Though Android and the parent company Google cannot be termed little guys, they are being bullied by the big guys, for being successful. The Android team, Google and Android OEMs (Original Equipment Manufacturers) are wading through rough waters with as many as 48 Android related lawsuits under the scrutiny of US laws.  

Six of Google's rivals, including Apple, Microsoft and Research in Motion, tied up recently to prevent Google from buying a critical trove of telephony patents, at Nortel's wireless technology patents auction, with judges in the United States and Canada approving the $4.5 billion transaction.

The American Antitrust Institute (AAI) has asked the US Department of Justice to intervene and to probe whether the tech-giants' tie-up against Google is lawful. Apparently AAI believes the coalition is illegal and points out that the consortium, which called itself Rockstar Bidco, bid five times as much as Google's opening bid for the wireless technology patents.

Nortel, which went bankrupt recently, has been in phone manufacturing business for decades, which means they owned patents that cover some of the most basic technology features in telephony. These patents would prove noxious to rivals, as most mobile device makers invariably use some of these basic technologies.

Since the rivals bid five times as much as Google's opening bid of $ 900 million, at the high stake auction, it seems the companies had a complete plan of action in place even before acquiring the patents, to use them as a weapon for achieving what they haven't been able to achieve through a fair market competition.

While a section is crying foul about the dysfunction of US patent system, tech giants spend a significant amount of their resources to fight in courts.

Top 5 major patent infringement lawsuits against Android and Android OEMs

Oracle vs. Google:

Oracle filed a lawsuit against Google in August 2010 for patent and copyright infringement over Google's use of Java in its open-source Android OS. Google is being accused of infringing seven Java patents and other copyrights. Google might have to pay $3 billion or more for damages Oracle incurred, if the latter wins the case. Oracle could also extract a licensing fee of $15 to $20 per gadget from Android OEMs.

Apple vs. Samsung:

Apple is known for suing as well as getting sued. Apple- Samsung patent dispute has turned bitter with suing and counter suing aplenty after Apple chose to sue Samsung first for imitating the look and feel of iPhone and iPad. Apple filed motion for Preliminary Injunction in US District Court in San Jose, last week, to halt the sale of four Samsung devices, Infuse 4G, Galaxy S 4G, Droid Charge, and Galaxy Tab 10.1. Granting Apple's motion is speculated to have disastrous effect on the sales of Samsung's flagship Android-based products which will force Samsung to take the four mobile devices out of US market.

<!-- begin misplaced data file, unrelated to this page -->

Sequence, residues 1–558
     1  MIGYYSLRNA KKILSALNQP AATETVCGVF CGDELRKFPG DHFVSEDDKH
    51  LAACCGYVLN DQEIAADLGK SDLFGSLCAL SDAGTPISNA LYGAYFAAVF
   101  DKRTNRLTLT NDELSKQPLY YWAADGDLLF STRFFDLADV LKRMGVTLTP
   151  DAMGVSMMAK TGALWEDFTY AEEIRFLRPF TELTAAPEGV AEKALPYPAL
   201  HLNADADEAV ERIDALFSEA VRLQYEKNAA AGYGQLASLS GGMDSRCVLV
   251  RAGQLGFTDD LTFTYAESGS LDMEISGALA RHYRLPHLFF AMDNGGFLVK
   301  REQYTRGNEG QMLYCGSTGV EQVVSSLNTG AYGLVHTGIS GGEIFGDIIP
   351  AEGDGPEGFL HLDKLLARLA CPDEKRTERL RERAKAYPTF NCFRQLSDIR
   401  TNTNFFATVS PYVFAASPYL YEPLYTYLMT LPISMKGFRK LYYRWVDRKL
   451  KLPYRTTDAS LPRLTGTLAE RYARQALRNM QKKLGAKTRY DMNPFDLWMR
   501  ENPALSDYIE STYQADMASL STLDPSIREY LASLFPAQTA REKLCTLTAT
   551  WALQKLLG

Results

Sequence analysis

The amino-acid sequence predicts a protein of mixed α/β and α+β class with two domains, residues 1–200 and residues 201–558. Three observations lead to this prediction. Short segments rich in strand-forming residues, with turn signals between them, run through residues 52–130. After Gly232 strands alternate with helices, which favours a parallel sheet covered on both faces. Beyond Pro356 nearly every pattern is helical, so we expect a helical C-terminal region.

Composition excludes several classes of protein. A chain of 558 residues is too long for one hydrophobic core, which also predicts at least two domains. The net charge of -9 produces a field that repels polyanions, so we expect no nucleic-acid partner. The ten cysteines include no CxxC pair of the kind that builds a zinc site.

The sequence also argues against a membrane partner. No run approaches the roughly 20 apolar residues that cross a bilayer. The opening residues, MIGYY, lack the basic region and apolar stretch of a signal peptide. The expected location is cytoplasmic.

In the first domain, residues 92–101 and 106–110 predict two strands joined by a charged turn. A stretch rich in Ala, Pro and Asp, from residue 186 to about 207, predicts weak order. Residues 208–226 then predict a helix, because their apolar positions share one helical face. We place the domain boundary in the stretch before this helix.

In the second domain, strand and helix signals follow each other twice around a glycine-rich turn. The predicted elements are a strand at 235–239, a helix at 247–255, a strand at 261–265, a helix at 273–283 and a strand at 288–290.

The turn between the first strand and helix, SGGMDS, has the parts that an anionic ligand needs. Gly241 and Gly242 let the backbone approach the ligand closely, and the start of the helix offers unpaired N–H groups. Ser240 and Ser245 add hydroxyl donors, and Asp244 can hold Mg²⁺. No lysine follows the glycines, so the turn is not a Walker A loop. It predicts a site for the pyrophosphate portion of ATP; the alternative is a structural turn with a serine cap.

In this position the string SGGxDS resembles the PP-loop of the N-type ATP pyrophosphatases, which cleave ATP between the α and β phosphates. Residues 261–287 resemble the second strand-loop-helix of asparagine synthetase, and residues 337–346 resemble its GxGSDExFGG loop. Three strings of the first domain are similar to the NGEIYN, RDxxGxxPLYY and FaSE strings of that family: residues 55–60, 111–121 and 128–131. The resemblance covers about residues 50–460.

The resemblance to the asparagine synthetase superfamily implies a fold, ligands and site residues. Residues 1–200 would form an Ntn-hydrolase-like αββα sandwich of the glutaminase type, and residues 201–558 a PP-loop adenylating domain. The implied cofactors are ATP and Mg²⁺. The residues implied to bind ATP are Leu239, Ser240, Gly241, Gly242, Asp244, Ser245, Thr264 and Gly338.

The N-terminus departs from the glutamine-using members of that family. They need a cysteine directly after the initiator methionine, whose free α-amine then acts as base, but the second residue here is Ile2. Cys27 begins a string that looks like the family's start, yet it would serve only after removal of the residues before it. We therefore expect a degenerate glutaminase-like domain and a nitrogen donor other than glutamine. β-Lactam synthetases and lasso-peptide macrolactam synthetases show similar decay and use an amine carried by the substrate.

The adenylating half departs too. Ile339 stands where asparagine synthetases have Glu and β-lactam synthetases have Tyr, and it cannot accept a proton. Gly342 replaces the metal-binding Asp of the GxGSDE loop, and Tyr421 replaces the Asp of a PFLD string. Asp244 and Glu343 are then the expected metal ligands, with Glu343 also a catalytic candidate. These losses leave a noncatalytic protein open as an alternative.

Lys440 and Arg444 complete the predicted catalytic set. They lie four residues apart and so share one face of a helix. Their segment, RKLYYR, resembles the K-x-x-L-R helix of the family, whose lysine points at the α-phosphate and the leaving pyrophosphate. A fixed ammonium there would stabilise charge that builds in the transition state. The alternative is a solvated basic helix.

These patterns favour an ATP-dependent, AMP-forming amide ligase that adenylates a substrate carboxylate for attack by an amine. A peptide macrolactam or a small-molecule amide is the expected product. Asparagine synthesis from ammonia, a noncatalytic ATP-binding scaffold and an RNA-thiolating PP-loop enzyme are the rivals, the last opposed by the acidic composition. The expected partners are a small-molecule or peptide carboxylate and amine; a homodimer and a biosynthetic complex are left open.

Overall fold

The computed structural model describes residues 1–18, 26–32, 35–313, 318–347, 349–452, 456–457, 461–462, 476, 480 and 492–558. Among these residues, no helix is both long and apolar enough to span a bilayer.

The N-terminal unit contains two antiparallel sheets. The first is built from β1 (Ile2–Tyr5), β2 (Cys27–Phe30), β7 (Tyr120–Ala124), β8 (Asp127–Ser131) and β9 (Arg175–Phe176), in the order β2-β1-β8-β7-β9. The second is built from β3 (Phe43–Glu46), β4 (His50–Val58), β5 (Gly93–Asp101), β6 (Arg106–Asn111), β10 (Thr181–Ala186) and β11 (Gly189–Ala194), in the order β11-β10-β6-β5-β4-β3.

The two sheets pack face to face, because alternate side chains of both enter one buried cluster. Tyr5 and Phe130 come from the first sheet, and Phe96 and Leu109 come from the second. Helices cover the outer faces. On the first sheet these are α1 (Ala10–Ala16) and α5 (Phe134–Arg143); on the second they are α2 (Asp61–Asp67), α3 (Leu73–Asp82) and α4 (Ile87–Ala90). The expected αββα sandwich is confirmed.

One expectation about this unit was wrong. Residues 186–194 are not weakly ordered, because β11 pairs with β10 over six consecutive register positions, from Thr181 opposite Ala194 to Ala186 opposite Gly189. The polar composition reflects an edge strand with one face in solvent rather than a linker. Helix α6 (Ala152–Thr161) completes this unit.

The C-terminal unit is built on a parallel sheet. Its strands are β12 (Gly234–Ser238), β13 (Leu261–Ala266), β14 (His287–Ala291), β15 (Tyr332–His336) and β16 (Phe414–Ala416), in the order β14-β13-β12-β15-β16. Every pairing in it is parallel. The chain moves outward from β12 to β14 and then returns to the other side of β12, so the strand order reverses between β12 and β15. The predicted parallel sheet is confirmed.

Rather than innovate and develop its own technology and a unique Samsung style for its smart phone products and computer tablets, Samsung chose to copy Apple's technology, user interface and innovative style in these infringing products, the Apple lawsuit said. There are a total of 10 claims being made against Samsung by Apple.

Microsoft vs. Motorola:

Microsoft sued Motorola in October 2010, alleging that the Motorola Droid line and other Android smartphones infringed nine of Microsoft's patents. Apparently Microsoft has problems with Motorola devices' functionalities including synchronizing email, calendars and contacts, scheduling meetings, and notifying applications of changes in signal strength and battery power.

Motorola filed a countersuit a month later, alleging infringement of 16 patents by Microsoft's PC and Server software, Windows mobile software and Xbox products.

Apple vs. HTC:

Days after filing another suit against Samsung, Apple took aim at smaller rival HTC on Monday, filling a claim with the International Trade Commission (ITC) to ban the sales of the competing smartphones and tablets. Apple said that HTC was infringing on groundbreaking technologies that Apple developed for its iPod, iPhone and iPad products. The move comes more than a year after Apple filed suit against HTC, alleging 20 instances of patent infringement, all dealing with various elements of the iPhone. We can sit by and watch competitors steal our patented inventions, or we can do something about it, Steve Jobs said in March 2010, when Apple filed the initial lawsuit.

Apple vs. Motorola:

Apple filed two suits, in November 2010, alleging Motorola handsets such as the Droid, Droid X and Droid 2 violate six patents dealing with ways users access the handsets. Apple claimed there is an infringement on patents for multi-touch and other touch-screen-related technologies.

Are these lawsuits aggressive?

Sheer amount of litigation is enough to smother a rival, who will be forced to spend resources to fight it out in the court till the end. While the industry watchers debate on who is right and who is not, at least some of these lawsuits restrict market competitiveness by including clauses which are downright silly. Blame it on the policymakers or outdated patent laws or the highly competitive markets, corporations would continue legal battles as it always did.